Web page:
Just the one that reduces/regulates the pressure for the entire household.

Thanks for this helpful info, Bob.
Ken
Add pictures here
<% if( /^image/.test(type) ){ %>
<% } %>
<%-name%>
Add image file
Upload
and thankyou God for plumbers, Amen.
kenny b
Add pictures here
<% if( /^image/.test(type) ){ %>
<% } %>
<%-name%>
Add image file
Upload
snipped-for-privacy@adelphia.net wrote:

And that would be fine if it wasn't for the fact that (in Canada, at least), unless one's a general contractor, a good plumber can be hard to find.
Ken
Add pictures here
<% if( /^image/.test(type) ){ %>
<% } %>
<%-name%>
Add image file
Upload
Ken wrote:

Canada huh!
There's an old retired fellow up in the Falls area (american side), I here he works for "lap dances at mints".
kenny b
Add pictures here
<% if( /^image/.test(type) ){ %>
<% } %>
<%-name%>
Add image file
Upload
Ken wrote:

Ken wrote:

Canada huh!
There's an old retired fellow up in the Falls area (american side), I hear he works for "lap dances" at mints.
kenny b
Add pictures here
<% if( /^image/.test(type) ){ %>
<% } %>
<%-name%>
Add image file
Upload

Yes, Paul's post was factual. But he's not a plumber. A plumber knows that it is unlikely that you have a 100' of 1/2" pipe supplying a tub valve or any other kind of valve. Making his 3 pound pressure drop a mathematical improbability. A typical house will have 3/4" or 1" coming from the meter or supply source and enter the house in those sizes and not reduce until the last 2 or 3 fixtures. Because those fixtures are typically a bathroom there will "generally" be 3/4" within 20' to 30' of the farthest bathroom in a typical house. The point being here that increasing the pipe size would result in possibly a 1 pound pressure drop increase or less. Probably less. Whatever actual flow rate is gained would not be humanly detectable. Because the ports in a typical valve are generally only between 1/8" to 1/4" to allow the water to flow through, you can upsize until you turn green and the weakest link will always be the valve. If you have good pressure everywhere else in the house then you need to take apart the offending valve and make sure it has no obstructions. Re-piping is a waste of time, money, and effort unless you know the piping system is obstructed with some sort of build up.

You may want to have a professional look at this. It would be my number 1 suspect.
Bob Wheatley
Add pictures here
<% if( /^image/.test(type) ){ %>
<% } %>
<%-name%>
Add image file
Upload

Maybe that's the reason why he was able to see the problem I was having integrating what I had read (about pipe diameter affecting pressure) with what I was merely "being told" in black-and-white terms as being otherwise (without explanation or discussion). The plumbers were completely silent in response to my implied requests for help in reconciling what they were telling me, with what I had read and recalled for them, such as, "The plumber and the plumbing designer rely on the internal diameter of the water delivery pipes to control water pressure" (Bob Vila). By giving me the raw, not paternalistically oversimplified, theoretical information [i.e not merely what the 'doctors' judged to be all that the little 'patient' need concern himself with] Paul was able to help me make logical sense of what I was "being told" with respect with what I had previously read.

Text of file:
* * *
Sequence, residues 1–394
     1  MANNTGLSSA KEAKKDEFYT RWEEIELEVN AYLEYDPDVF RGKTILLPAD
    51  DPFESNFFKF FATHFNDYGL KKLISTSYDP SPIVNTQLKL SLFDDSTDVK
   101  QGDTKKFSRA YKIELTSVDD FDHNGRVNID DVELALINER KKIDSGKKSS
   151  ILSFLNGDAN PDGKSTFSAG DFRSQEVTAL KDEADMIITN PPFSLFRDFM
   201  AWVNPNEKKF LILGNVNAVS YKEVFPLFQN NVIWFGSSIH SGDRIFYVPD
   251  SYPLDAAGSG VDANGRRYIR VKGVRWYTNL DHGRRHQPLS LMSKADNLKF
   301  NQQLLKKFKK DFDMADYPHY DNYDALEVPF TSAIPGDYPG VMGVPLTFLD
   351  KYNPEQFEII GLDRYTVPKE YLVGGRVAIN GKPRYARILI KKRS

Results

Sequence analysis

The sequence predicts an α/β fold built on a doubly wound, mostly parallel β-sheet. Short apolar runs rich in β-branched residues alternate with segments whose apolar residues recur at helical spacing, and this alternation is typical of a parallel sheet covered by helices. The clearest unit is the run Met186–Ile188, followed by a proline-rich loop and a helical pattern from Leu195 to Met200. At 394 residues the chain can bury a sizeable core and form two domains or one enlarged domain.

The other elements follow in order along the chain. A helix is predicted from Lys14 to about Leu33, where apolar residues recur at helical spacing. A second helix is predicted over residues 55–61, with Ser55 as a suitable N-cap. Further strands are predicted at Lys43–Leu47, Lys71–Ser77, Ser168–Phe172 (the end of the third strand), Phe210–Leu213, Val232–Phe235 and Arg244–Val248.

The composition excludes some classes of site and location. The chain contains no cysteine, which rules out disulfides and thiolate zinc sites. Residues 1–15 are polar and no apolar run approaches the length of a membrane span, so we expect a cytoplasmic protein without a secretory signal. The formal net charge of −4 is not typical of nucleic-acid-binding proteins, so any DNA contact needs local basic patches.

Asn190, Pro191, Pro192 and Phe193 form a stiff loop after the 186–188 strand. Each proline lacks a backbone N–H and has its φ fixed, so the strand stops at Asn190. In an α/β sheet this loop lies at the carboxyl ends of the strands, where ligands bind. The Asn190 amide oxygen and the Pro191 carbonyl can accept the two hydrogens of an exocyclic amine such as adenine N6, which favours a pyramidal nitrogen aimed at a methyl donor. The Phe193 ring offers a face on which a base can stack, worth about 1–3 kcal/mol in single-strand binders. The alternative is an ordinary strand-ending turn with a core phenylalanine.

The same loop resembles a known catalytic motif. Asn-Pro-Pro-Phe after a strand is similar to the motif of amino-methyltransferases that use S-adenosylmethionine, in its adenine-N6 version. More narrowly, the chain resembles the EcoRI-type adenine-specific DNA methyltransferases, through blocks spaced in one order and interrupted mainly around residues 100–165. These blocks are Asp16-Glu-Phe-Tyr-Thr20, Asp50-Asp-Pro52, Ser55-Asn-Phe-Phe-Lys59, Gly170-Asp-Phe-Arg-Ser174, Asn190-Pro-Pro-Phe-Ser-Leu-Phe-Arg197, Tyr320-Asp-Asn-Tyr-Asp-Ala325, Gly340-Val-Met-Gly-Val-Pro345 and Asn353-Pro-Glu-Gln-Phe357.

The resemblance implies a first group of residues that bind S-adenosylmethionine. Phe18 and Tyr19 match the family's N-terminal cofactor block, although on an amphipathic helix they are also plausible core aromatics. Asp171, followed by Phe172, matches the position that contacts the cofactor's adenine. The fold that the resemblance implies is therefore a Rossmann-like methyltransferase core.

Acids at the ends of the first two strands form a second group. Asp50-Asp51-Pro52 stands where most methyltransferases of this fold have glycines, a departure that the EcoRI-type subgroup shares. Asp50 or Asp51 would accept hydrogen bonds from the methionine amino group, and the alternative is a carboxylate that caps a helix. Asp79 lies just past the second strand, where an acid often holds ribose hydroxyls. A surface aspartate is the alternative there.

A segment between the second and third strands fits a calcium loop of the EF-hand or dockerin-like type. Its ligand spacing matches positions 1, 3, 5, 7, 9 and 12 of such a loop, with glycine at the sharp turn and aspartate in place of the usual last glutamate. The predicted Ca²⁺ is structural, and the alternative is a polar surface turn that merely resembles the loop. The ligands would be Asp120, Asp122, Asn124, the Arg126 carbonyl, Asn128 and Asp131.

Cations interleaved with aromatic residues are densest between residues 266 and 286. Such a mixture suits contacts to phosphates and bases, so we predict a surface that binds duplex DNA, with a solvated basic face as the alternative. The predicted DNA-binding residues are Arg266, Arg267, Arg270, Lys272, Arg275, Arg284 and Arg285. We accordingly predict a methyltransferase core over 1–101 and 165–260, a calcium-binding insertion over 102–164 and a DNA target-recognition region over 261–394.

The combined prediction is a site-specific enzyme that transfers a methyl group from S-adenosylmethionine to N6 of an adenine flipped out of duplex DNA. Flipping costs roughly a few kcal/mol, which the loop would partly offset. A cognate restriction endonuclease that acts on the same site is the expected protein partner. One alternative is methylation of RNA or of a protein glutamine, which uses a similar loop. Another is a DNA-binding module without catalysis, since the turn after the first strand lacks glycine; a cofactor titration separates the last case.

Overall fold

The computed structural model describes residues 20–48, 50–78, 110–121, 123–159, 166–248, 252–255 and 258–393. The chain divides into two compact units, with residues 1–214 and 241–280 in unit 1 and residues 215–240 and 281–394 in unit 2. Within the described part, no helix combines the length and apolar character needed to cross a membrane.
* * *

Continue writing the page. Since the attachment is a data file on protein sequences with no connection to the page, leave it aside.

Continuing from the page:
I think Paul's explanation made this quite apparent.

It was to clarify specifically just this question that I posted my query here in the first place.

Was it not you who said that larger pipes will nonetheless deliver greater volume (providing the corresponding capacity valves, etc.)?

Yes, that is the industry standard here in Canada too (for houses). But I've long noticed in commercial buildings (like the hospital where I work) they have 1" pipes leading directly to things like toilets. These toilets (without a tank) flush prodigious amounts of water in just a second or two. Unless there is more to these systems than meets my eye, it would appear to me that larger diameter pipes do allow more water to get through quicker.

Being strapped with paying on a huge mortgage (huge only because entry level property values are staggeringly high here in Vancouver) while earning only a very modest income, I just can't afford to hire a reputable plumber for anything that isn't an emergency. So I have little choice but to just try my best at being as handy and knowledgeable a 'jack-of-all-trades' as I can be in responding to my house's needs.
Ken
Add pictures here
<% if( /^image/.test(type) ){ %>
<% } %>
<%-name%>
Add image file
Upload
There's a lot of misinformation and incomplete information in this thread. Let's bring some citations and facts to the game. You wanted details and facts, here you go.
At least part of the mess here is due to confusing static pressure and dynamic pressure. In this context, static pressure is the pressure at a specified point in the system when flow is zero. Dynamic pressure is pressure at a specified point in the system when water is flowing at some non-zero rate.
What you asked about is the dynamic pressure at the showerhead when the water is flowing at whatever rate it flows when you have the shower on. The greater the dynamic pressure at that point, the more forceful the shower stream will seem, for a given showerhead. Yes, as many posters have pointed out, different showerheads will feel better or worse all else being the same, but for a given showerhead, the higher the dynamic pressure at the showerhead, the more forceful feel the water streams will have.